Simple is rarely a compliment when applied to perfumes. A comparison to a symphony or a classic novel is generally the mark of a superior scent. Yet, as any perfumer knows, creating a simple composition is complicated. When the palette is reduced to a few key elements, the selection of each ingredient becomes critical. It is even more difficult to create a fragrance that evokes a single impression – that of, say, a rose. All of us have our own idea about how a rose smells, and a successful rose perfume will not try to replicate nature. Instead, it will weave a fantasy.
Of course, a single-note perfume doesn’t literally contain just one ingredient; rather it uses a combination of materials, sometimes quite an intricate set, to suggest a dominant impression. Hermès Rose Ikebana (£185 for 100ml EDT), for instance, contains notes like rhubarb and bitter citrus, but they allow the rose to take the leading role. This is a scent that is shimmering and weightless, as if the pink flower that inspired the perfumer were painted on silk.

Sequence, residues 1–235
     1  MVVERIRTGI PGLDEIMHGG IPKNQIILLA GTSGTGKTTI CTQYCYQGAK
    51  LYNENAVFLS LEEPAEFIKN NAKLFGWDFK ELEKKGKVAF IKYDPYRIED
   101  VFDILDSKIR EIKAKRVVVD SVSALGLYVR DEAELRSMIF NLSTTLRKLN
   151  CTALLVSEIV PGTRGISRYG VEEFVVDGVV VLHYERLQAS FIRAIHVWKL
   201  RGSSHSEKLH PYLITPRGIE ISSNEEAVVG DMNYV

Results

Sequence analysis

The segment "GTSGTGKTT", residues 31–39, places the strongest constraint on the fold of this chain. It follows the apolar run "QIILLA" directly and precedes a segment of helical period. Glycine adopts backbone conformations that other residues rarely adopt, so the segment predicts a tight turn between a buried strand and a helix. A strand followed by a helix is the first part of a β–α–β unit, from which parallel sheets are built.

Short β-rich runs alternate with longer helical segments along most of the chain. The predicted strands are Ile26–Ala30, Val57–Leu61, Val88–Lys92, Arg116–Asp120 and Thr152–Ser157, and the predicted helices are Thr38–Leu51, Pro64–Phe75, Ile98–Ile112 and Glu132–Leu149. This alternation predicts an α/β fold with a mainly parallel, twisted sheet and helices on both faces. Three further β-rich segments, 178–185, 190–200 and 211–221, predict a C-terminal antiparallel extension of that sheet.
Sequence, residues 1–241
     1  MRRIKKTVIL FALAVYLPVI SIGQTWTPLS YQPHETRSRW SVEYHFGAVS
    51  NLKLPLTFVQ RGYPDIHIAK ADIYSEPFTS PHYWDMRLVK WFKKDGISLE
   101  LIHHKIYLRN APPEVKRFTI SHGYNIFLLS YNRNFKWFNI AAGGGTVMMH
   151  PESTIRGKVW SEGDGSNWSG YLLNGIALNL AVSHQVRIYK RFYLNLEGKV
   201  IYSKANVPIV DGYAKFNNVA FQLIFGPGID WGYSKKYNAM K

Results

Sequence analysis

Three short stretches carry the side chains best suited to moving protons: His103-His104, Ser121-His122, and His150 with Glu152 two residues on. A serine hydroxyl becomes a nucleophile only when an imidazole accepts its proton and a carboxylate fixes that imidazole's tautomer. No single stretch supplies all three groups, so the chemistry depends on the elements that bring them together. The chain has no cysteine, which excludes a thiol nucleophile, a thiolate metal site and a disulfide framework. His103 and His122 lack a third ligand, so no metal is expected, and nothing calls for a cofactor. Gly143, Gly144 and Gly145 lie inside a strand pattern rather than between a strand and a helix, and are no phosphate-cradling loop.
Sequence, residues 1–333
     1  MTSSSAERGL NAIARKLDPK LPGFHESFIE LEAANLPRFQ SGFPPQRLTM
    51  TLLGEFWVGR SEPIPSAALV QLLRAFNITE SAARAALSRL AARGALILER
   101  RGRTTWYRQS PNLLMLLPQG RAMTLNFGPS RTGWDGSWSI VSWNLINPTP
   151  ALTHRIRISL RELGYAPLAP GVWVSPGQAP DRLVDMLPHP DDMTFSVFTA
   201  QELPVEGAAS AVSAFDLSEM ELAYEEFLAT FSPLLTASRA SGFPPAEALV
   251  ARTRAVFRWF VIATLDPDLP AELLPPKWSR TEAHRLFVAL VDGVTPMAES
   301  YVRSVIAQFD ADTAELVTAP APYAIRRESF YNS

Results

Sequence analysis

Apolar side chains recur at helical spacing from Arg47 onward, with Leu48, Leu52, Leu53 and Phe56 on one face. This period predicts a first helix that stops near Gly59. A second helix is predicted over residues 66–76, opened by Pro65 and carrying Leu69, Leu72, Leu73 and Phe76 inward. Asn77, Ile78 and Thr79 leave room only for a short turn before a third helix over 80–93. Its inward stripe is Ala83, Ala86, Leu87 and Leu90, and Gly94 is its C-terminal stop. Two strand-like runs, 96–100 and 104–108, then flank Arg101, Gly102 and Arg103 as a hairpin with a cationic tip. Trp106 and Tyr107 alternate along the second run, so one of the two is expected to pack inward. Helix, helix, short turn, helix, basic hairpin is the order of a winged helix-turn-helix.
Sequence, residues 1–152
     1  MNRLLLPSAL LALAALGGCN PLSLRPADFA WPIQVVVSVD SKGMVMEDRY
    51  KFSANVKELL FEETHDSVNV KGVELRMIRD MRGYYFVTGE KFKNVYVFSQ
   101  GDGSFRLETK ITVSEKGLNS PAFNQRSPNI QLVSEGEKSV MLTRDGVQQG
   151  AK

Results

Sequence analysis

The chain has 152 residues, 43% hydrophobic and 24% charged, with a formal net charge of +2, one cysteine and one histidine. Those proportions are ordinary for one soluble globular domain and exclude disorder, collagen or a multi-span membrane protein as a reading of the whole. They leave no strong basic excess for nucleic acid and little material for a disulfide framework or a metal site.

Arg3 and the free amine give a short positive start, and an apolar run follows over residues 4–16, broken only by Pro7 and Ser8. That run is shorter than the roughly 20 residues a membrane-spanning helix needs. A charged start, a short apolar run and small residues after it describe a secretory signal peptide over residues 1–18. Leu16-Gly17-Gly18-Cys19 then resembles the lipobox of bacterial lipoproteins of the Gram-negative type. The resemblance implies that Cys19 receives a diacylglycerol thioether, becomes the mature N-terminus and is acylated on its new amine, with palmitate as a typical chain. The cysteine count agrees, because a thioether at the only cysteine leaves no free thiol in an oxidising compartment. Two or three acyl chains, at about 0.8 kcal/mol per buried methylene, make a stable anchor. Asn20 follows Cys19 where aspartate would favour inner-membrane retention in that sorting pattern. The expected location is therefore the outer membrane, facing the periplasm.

In Chanel’s Sycomore (£155 for 75ml EDP) the standout note is vetiver, the essence distilled from the fragrant roots of an Indian grass. So complex is its aroma that it can be made easily into a perfume; it suffices to highlight the grapefruit bitterness in the top notes and prolong the musky warmth of the drydown. Chanel, however, has given its composition an abstract quality; it’s still vetiver-dominated, but differs from the natural material by emphasising the dark and woody facets. Wearing Sycomore, I’m reminded of antique books and their leather bindings – a vignette that never loses its appeal.
Perhaps the most curious example of a solinote fragrance is L’Artisan Parfumeur’s Patchouli Patch (£105 for 100ml EDT). Patchouli is associated with Woodstock, tie-dye prints and lava lamps, and while the essence is used widely in perfumery, it’s often presented well scrubbed and well behaved. L’Artisan’s version, however, preserves the oil’s deliciously earthy, naughty nuances, but balances them with iris, musk and star anise. The impression it creates is edgy yet elegant. While it’s uncomplicated, it’s far from simple.
Victoria Frolova has been writing her perfume blog boisdejasmin.com since 2005. Her explorations of fragrance touch upon all elements that make this subject rich and complex: science, art, literature, history and culture. Frolova is a recipient of three prestigious Fragrance Foundation FiFi Awards for Editorial Excellence and, since receiving her professional perfumery training, has also been working as a fragrance consultant and researcher. @boisdejasmin